Tuck Essay Questions & Tips

by Vantage Point MBA, Sep 16, 2022

VPstanfordtips

With just over a week until the Round 1 deadline, many MBA hopefuls are likely hard at work on their Tuck essay questions. The Tuck essay questions are not ones to rush through – demonstrating a nuanced understanding of the Tuck program is key to successfully selling yourself to the school.

In fact, Tuck devotes an entire page on its website to ‘admissions criteria’ – the four characteristics it seeks in successful applicants: smart, accomplished, aware and encouraging. ‘Smart’ and ‘accomplished’ are basically givens for any highly regarded MBA program. However, ‘aware’ and ‘encouraging’ are a bit more specific. After you have solid drafts of your essays, be sure to revisit these criteria and ask yourself (or a trusted friend) whether they come to the forefront. Make sure your letters of recommendation showcase these characteristics as well.

Tuck Essay Questions

  1. Tuck students can articulate how the distinctive Tuck MBA will advance their aspirations. Why are you pursuing an MBA and why Tuck? (300 words)
  2. Tuck students recognize how their individuality adds to the fabric of Tuck. Tell us who you are. (300 words)
  3. Tuck students are encouraging, collaborative, and empathetic, even when it is not convenient or easy. Describe a meaningful experience in which you exemplified one or more of these attributes. (300 words)
  4. Optional Essay: Please provide any additional insight or information that you have not addressed elsewhere (e.g., atypical choice of evaluators, factors affecting academic performance, unexplained job gaps or changes). Complete this question only if you feel your candidacy is not fully represented by this application. (300 words)

Note: There is a fourth required essay for reapplicants – How have you strengthened your candidacy since you last applied? Please reflect on how you have grown personally and professionally. (300 words)

Tuck Essay Tips

Thorough Research About Tuck Should Be the Backbone of Each Essay, Especially Essay One

Even more than other schools, Tuck really cares that you’ve taken the time to understand what makes its program unique and why its specific resources fit your goals. This is one school we highly, highly encourage our clients to visit for exactly this reason. If a visit isn’t feasible (on-campus events are still limited in summer / fall 2022), attend enough in-person or virtual events and do enough networking to replicate the knowledge you would have gleaned from the full-scale campus experience (class visit, lunch with students, campus tour, etc.)

Also, take the time to thoroughly reflect on why what you’ve learned matters for your specific circumstances – the way you learn, the skills you are looking to build in school, the connections you need to form. Then, thoughtfully communicate these insights in your essays. Essay one is the obvious place for this, but essay two is another good place to highlight the parts of your personality that will make you a great ‘Tuckie’.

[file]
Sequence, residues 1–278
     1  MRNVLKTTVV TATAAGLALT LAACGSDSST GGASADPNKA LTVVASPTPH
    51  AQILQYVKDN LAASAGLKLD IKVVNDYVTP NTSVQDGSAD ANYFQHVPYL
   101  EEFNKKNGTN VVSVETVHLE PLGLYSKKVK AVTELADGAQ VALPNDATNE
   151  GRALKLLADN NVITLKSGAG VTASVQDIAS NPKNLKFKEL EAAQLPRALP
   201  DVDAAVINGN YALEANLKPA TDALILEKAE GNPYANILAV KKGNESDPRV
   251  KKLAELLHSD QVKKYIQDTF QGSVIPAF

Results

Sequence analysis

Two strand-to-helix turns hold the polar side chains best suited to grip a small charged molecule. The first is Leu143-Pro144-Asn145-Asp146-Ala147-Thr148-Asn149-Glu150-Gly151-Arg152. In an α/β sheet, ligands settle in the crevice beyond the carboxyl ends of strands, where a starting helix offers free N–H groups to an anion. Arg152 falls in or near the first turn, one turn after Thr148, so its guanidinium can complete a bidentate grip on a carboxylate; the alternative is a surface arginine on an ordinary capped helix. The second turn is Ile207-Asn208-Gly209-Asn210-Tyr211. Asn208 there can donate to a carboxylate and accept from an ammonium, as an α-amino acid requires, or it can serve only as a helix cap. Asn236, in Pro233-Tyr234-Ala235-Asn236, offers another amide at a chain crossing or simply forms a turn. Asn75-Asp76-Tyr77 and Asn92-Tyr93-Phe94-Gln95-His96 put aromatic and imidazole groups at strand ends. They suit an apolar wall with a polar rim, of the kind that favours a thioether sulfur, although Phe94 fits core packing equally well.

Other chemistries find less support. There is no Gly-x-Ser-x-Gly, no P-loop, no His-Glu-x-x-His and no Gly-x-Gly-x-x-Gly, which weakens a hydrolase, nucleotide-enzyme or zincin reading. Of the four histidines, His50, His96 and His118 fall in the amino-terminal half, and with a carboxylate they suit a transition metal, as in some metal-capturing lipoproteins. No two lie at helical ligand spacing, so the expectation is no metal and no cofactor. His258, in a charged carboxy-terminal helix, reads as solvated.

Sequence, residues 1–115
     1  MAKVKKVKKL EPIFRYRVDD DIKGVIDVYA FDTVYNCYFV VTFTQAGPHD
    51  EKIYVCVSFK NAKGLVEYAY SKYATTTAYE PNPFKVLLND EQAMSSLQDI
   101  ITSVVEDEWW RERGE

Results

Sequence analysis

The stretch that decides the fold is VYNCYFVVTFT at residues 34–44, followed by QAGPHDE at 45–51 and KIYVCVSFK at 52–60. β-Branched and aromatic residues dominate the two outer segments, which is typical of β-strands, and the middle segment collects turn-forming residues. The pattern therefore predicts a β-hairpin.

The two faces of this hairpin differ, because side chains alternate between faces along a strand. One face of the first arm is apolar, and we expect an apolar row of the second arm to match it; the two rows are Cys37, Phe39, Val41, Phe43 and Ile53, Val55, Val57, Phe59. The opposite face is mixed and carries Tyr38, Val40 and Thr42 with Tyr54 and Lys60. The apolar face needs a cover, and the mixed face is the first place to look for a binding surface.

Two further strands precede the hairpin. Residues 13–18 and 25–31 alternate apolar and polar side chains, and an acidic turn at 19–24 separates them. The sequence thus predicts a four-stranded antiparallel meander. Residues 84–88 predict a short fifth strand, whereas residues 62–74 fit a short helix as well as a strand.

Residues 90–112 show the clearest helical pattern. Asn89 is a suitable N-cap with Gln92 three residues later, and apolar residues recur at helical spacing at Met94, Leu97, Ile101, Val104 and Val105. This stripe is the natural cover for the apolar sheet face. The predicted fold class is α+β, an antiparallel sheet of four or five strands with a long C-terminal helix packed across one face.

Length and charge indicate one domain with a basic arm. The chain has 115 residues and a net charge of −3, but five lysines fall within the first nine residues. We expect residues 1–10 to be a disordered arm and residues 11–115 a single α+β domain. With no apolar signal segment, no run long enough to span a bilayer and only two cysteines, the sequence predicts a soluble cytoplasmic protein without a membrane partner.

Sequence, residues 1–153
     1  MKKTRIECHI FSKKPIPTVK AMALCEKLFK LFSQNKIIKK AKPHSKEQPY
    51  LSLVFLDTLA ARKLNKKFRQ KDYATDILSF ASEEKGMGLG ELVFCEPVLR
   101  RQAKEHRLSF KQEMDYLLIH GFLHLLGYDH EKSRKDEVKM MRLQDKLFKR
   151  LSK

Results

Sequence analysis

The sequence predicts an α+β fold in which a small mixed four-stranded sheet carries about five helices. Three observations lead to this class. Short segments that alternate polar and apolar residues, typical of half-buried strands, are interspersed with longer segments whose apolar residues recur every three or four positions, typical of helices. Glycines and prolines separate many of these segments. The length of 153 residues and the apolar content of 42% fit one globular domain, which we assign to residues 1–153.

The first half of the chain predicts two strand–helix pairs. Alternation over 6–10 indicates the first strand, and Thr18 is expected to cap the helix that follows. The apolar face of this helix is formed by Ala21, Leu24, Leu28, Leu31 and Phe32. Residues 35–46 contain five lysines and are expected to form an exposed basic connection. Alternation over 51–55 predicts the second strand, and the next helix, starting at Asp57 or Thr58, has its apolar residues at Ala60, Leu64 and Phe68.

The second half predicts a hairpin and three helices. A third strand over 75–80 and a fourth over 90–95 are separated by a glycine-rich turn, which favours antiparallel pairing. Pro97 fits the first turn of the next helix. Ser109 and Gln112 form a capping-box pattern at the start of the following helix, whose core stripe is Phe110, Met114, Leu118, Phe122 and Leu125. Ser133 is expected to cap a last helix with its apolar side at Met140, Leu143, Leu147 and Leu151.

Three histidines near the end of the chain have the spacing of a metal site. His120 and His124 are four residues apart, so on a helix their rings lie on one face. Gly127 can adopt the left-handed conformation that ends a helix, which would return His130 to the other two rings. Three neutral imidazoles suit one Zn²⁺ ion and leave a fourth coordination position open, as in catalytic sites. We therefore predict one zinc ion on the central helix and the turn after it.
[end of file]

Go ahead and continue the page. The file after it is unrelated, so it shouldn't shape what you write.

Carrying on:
One thing to note for this essay is that it doesn’t ask about your career goals specifically. This is likely because imbedded in the Tuck application are two short-answer questions (each with a 50-word limit) that ask you to share your short-term and long-term career goals. Since the word count is limited in essay one, we don’t recommend restating your career goals here. Instead, pick up where your short answers left off by providing more insight into the “why” behind your goals. That “why” can then shape your specific motivations for pursuing an MBA and be the foundation for your fit with Tuck.

Use Stories to Highlight a Few Distinct Characteristics in Essay Two

While essay three specifically asks you to tell a story, using stories to ‘show not tell’ who you are in essay two is also an optimal strategy. You can claim all day long that you are curious, team-oriented, adventurous, or whatever the case may be, but it’s hard to make this believable if it’s not backed up with an example that demonstrates it.

Given the scant word count, selectivity is key. What are the two or three things (personality traits, elements of your background, values, etc.) that really define who you are? Filter these through Tuck’s four criteria and select the two (or even one, if robust enough) that you don’t highlight elsewhere in the application and align with your personal brand.

After using a brief story or two to demonstrate your selected quality(ies), spend a short paragraph extrapolating how these traits will play out at Tuck and why they will allow you to better the experience of your classmates.

Be Inspired by a Prior Version of Essay Three

A prior version of this essay prompt asked for a time you helped someone succeed and that’s still a good way to frame up this question in your head as you brainstorm potential stories. Once you have some options, filter them (once again) through Tuck’s criteria and, more specifically, the three attributes they’ve listed in the prompt to settle on the ideal one to use.

As you write, be sure to spend the bulk of the content describing your actions in detail. Frame up the context as briefly and simply as you can so that you can maximize the space devoted to the nuances of your approach – beyond the actions you took, drill into your thoughts, words, etc. The word count is limiting, so it will take some trial and error to get this right.

If you’d like assistance with your Tuck essays or your broader MBA application strategy, click here to schedule an initial consultation!